October 2010:
Vacancy Signs at the Federal Courthouse

Washington Watch | October 2010
By Bruce Moyer

The federal judicial confirmation process is at one of its most dysfunctional junctures in American history, and its failure to move nominees has brought about a vacancy crisis in our federal courts. This is not a partisan issue with shades of black and white; the breakdown in the Senate owes itself as much to one party as the other. This is a national issue that speaks to the country’s declining appreciation for its courts, the increasing corrosiveness of our politics, and the rising abuse in the Senate of its procedures.

As the Senate departed Washington on Sept. 30 for a six-week election recess, 103 federal Article III judgeships stood vacant, equaling nearly one out of every eight federal judgeships. The Judicial Conference says that 48 of these vacant judgeships constitute “judicial emergencies,” meaning they have been vacant for at least 18 months and are in districts or circuits dealing with pressing caseloads.

Judicial vacancies are harmful. They prevent the courts from operating at their full capacity in dispensing fair, prompt justice. Vacancies mean larger dockets, longer delay, and greater pressure and expense for lawyers and litigants. As Slate legal columnists Dahlia Lithwick and Carl Tobias recently commented, “Crowded dockets mean longer waits for cases to be heard promptly. This affects thousands of ordinary Americans—plaintiffs and defendants—whose liberty, safety, or job may be at stake and for whom justice may arrive too late, if at all.” Justice Anthony Kennedy said it best, in comments to the Los Angeles Times: “It’s important for the public to understand that the excellence of the federal judiciary is at risk. If judicial excellence is cast upon a sea of congressional indifference, the rule of law is imperiled.”

Under the Constitution, the U.S. Senate s the sole entity charged with the responsibility to “advise and consent” upon the President’s appointment of judges. Despite the Founders’ straightforward wishes, the judicial confirmation process has grown distorted before our very eyes. Over the past 30 years, the Senate has increasingly stonewalled or rejected the President’s judicial nominees, regardless of party. Confirmation rates at 18 months into a presidency have fallen from the high-water mark set in 1982 by President Reagan (93 percent) to 47 percent today (the percentage of President Obama’s nominees who have won Senate confirmation). These numbers—along with opaque, obstructionist “secret holds” on nominations and unprecedented use of the filibuster—reflect a process more like “Advice & Dissent,” the apt title of Sarah Binder and Forrest Maltzman’s recent work on the struggle to shape the federal judiciary.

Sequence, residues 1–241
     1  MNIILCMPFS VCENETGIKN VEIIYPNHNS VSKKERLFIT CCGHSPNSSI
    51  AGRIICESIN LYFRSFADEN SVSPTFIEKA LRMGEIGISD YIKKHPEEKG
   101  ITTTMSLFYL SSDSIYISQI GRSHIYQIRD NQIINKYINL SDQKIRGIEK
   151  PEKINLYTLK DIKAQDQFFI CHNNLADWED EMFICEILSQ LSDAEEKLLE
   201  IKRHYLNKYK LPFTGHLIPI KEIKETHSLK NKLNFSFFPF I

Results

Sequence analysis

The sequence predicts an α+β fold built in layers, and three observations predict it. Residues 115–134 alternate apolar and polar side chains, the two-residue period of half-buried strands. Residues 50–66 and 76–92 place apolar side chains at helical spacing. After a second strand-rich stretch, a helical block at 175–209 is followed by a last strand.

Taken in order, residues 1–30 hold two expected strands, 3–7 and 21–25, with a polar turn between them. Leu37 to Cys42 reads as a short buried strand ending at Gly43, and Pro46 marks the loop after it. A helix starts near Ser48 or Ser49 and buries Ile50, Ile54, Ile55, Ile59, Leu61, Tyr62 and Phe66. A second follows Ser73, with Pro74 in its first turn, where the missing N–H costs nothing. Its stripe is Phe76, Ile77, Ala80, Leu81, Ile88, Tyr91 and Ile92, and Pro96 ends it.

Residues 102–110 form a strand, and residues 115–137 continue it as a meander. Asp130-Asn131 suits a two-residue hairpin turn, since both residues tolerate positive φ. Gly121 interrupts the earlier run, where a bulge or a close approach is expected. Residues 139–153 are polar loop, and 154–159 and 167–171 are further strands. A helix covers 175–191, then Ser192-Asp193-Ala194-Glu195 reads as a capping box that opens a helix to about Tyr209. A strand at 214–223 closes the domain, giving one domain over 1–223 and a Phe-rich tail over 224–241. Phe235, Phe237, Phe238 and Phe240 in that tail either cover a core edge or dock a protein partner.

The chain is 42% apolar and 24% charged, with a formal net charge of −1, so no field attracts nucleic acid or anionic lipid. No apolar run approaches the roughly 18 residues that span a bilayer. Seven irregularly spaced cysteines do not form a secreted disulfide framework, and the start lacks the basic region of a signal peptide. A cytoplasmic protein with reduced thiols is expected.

Finger pointing by the two main U.S. political parties is in overdrive over how the process has devolved and who is at fault. If the confirmation wars expand and increase, regardless of which party takes control of the Senate, the implications for the future are even more troubling. In August, Assistant Attorney General Christopher H. Schroeder warned an audience of Ninth Circuit judges and lawyers that if the current rate of replacing retired, resigned, and deceased judges continues, nearly half of the 875 federal judgeships could be vacant by the end of the decade.

When the Senate left Washington for its election recess, it abandoned its responsibility to provide an up-or-down vote on 16 federal judicial nominees—all of whom were favorably approved by the Senate Judiciary Committee with strong bipartisan support. One nominee, Albert Diaz, who would be the first Hispanic judge on the U.S. Circuit Court of Appeals for the Fourth Circuit, has waited the longest: the Senate Judiciary Committee favorably reported his nomination to the Senate back in January.

The Federal Bar Association’s mission is to promote the effective crafting and administration of justice and jurisprudence in our federal courts. That cannot happen if judgeships remain vacant at current levels. Over the past year, the FBA has called upon Senate leaders of both parties to hasten their work on judicial confirmations to assure that nominees who have been favorably reported out of the Senate Judiciary Committee are assured of a prompt up-or-down vote in the Senate. The association also has encouraged the President to promptly nominate qualified nominees with dispatch. FBA chapters in districts and circuits with pending judicial nominees have contacted their home-state senators to urge a prompt vote on their nominees. This advocacy must continue.

Will the FBA help to make a difference? If the FBA doesn’t raise its voice, who will?

Bruce Moyer is government relations counsel for the FBA. © 2010 Bruce Moyer. All rights reserved.


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